When watching a Pixar film set in a land that is inhabited by mythical creatures in the “modern world” one would expect to see wacky, wild, and whimsical things within this world — from timely social themes, hilarious plays on social structures, and witty world-building that makes their imagined world feel justified and “real” for lack of a better word — something much like in the world of Zootopia (2016). Onward doesn’t feel like a step forward for Pixar, on the contrary, it feels like a sizable step backward.
In the world of Onward we follow two elves named Ian (Tom Holland) and Barley (Chris Pratt) as these brothers embark on a quest to locate an ancient gem which will allow them to spend one day with their deceased father. Now, right off the bat, it’s clear this film contains a lot of complicated material to work with if it wants to truly sell its audience on the world it has built. This is why high fantasy movies are so rare, there’s lots to consider, lots to balance – and unfortunately here, it has not succeeded.
Very little is explained, fleshed-out, or has logical consistency in Onward– the plot feels as though it isn’t moving in a natural narrative direction, but rather, being shoved downhill at mach speed. Much of these tonal imbalance and rushed pace could’ve felt subdued if Onward contained interesting characters – but it seemingly falters here too. The issue lies with the relationship between Ian and his brother Barley, a relationship that is often more irritating than it is endearing. Ian as a leading role does not suffer from these issues, but Pratt’s role as Barley leaves little to be desired from him character.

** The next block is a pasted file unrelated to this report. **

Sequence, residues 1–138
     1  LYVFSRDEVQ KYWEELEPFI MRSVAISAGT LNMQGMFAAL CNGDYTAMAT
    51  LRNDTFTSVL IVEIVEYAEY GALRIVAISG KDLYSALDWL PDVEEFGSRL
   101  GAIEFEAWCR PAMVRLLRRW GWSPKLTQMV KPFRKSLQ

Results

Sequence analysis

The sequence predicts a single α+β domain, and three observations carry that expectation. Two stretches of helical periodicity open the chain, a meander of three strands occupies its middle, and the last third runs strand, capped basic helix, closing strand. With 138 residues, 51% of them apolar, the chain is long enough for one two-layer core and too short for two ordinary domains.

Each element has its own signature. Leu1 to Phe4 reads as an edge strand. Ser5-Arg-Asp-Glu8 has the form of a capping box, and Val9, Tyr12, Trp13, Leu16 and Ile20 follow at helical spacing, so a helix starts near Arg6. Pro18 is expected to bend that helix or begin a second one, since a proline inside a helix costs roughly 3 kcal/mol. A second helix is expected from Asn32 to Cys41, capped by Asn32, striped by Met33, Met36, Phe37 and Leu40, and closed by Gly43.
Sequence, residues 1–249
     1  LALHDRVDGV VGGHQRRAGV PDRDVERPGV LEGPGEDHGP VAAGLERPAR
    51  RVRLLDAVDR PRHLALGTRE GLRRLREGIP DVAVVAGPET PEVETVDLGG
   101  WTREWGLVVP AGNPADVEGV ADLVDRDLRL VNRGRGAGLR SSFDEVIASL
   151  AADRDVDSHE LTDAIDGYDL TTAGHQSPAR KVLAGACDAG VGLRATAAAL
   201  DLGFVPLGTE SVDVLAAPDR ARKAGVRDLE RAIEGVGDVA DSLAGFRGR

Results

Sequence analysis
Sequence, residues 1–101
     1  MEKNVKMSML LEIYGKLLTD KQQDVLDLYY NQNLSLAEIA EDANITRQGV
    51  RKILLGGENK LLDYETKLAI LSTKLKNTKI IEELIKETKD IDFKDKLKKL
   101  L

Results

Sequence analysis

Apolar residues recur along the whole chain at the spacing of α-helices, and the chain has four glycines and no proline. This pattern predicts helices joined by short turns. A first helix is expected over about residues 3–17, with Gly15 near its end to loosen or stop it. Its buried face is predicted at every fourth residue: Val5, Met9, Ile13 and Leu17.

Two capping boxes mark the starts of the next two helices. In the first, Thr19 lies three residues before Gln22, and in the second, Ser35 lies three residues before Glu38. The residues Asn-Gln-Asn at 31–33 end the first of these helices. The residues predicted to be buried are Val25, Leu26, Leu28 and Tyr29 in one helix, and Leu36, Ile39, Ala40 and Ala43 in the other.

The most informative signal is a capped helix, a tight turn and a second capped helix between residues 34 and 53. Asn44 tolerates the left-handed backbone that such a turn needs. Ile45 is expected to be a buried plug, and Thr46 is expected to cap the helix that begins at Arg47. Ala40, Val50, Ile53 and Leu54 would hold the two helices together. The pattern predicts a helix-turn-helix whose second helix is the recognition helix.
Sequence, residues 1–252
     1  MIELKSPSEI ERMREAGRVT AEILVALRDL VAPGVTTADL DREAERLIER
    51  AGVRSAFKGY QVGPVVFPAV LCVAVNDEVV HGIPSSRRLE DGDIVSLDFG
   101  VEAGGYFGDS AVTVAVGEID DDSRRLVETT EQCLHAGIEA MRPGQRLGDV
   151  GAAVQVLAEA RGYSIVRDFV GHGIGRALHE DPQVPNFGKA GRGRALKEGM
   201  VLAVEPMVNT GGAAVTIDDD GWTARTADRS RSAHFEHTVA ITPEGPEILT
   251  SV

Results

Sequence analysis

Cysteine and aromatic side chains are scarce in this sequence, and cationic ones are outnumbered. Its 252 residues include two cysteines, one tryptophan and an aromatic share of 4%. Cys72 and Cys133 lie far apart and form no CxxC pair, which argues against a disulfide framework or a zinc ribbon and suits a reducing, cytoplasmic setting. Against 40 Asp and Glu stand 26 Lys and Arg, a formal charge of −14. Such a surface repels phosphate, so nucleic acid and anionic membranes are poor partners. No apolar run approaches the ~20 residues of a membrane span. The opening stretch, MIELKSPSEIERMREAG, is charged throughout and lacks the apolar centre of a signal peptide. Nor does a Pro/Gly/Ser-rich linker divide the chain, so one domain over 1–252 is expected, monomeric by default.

Onward being a Pixar film, obviously it features quality technical competence across many aspects. It may not reach the heights of Toy Story 4 or Disney’s Frozen II in terms of detailed animation but still has that Pixar-esque touch in its visual storytelling. While the animation is well-rendered and has some neat little touches of detail, it doesn’t offer much else – the lack of world-building can be partly at fault for this.
The cartoonish fantastical characters had much potential to shine, but nothing truly unique. The landscapes feel very uninspired considering the fantastic opportunities there were to explore this new universe and the lore surrounding it. This is not what I have come to expect from an original Pixar film, which usually has expansive and detailed worlds that the character operates in. Unlike the previous Pixar films before it, Onward lacks the powerful score and sound design which fails to capture the essence of the film too. Many missteps here.
Devoid of that particular charm that makes Pixar films truly great; Onward feels more like an high-budget imitation artist more than it does a wondrous quest of magic and mystery. Onward isn’t a bad film, but the reputation that Pixar has set for itself raises the bar high for their entry level films. Director Dan Scanlon may have guided this film to be acceptable within the family film genre, but Onward is miles from that thing that makes a Pixar film, a Pixar film.
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